Mentos candies are known for their powerful reaction with Diet Coke. Aside from using them for explosions, however, some people snack on Mentos because they provide a sweet crunch without a lot of calories. The candies don't have a healthy nutritional profile, however, so it's best to eat them as just an occasional treat.
Mentos has varieties of mints and gum. The mints are the company's more popular product and come in original, strawberry, cinnamon, green apple and mixed fruit flavors. The Mentos gum comes in mint, red fruit-lime, watermelon or tropical flavor.
Diet Coke Reaction
Mentos candies have earned a reputation as being part of an explosive combination. When you combine a handful of the mints with a 2 liter bottle of soda pop, the mixture creates a geyser, leaving almost no soda left in the bottle. Diet Coke seems to produce the strongest results. According to David Kestenbaum, science correspondent for NPR, the Mentos mints provide a rough, craggy surface that attracts carbon dioxide molecules within the soda. After the mints settle on the base of the bottle, all of the carbon dioxide molecules are released from the bottle at once, creating powerful pressure that pushes the soda up and out.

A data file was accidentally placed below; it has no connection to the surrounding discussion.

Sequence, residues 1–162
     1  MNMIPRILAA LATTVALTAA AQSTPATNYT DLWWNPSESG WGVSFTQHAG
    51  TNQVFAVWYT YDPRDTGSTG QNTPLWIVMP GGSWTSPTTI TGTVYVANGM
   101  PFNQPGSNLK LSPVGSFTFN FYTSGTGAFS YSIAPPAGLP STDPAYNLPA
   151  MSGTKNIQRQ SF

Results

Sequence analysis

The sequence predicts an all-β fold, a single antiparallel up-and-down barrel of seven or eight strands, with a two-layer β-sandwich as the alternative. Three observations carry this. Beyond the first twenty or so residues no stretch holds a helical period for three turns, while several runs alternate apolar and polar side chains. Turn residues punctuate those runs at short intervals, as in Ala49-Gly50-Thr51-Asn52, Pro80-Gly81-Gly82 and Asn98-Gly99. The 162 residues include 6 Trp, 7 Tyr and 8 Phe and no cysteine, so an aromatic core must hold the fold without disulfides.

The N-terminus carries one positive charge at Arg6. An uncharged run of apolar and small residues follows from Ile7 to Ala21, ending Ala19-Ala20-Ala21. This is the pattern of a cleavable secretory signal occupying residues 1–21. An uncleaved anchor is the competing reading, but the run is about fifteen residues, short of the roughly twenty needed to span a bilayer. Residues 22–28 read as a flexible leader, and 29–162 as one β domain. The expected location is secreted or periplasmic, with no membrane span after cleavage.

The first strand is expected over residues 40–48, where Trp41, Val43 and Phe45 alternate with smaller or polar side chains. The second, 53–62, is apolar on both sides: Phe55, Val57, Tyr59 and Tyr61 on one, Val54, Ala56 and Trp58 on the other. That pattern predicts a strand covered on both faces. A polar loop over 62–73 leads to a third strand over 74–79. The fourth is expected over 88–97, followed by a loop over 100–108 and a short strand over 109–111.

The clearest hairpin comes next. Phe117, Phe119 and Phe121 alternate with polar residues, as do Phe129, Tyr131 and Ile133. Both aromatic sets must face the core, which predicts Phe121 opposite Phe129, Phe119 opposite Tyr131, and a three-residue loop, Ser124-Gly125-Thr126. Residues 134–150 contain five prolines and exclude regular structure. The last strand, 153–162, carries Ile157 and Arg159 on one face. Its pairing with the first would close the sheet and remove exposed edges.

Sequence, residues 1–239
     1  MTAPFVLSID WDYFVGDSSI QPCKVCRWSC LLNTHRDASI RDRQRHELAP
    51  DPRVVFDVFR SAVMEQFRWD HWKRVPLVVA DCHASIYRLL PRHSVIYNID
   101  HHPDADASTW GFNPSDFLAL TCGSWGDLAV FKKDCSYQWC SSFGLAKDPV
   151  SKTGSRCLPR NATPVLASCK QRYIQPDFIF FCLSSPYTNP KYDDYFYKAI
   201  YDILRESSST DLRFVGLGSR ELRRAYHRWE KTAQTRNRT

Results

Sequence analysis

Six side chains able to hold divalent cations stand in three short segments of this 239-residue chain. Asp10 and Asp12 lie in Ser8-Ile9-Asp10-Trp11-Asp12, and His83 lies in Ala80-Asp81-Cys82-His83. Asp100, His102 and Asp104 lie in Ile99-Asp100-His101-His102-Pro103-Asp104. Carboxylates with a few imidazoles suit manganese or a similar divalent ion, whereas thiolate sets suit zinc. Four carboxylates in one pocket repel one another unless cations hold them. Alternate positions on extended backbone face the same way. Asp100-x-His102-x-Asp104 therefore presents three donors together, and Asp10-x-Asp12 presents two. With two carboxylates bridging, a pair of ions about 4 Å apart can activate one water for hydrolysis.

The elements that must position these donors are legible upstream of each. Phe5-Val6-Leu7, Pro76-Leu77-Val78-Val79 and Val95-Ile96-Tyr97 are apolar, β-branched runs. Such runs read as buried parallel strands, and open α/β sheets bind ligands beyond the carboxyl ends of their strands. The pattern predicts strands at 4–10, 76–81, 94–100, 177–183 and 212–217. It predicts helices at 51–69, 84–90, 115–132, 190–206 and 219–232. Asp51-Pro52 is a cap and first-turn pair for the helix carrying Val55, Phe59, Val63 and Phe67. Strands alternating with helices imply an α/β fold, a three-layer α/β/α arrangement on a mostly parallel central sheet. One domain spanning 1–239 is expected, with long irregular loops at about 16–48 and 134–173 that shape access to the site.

Performing the experiment with Mentos and Diet Coke can be dangerous and poses a risk of serious injury. It's not safe for young children to do, even under parental supervision, as the geyser that jets out of the Diet Coke bottle is under extreme pressure and can even harm bystanders if the bottle spirals out of control.
Eating Mentos candies is considerably less dangerous than trying the Diet Coke experiment. The original Mentos mint roll has 10 calories per mint with no protein, 2.5 g carbohydrates, 2 g sugar and negligible amounts of fat and sodium. Nutrition facts for the other varieties of mints are similar, although Mini Mentos have closer to 40 calories per serving, 10 g carbohydrates and more than 7 g sugar.
Although Mentos can fit into a healthy diet as an occasional snack, they aren't found in any of the main five food groups that MyPyramid.gov recommends: nonfat dairy, whole grains, fruits, vegetables and lean proteins. Mentos are too high in sugar and simple carbohydrates to be classified as a food that offers nutritional advantages, but it won't negatively affect most people to chew on a mint or two once in a while.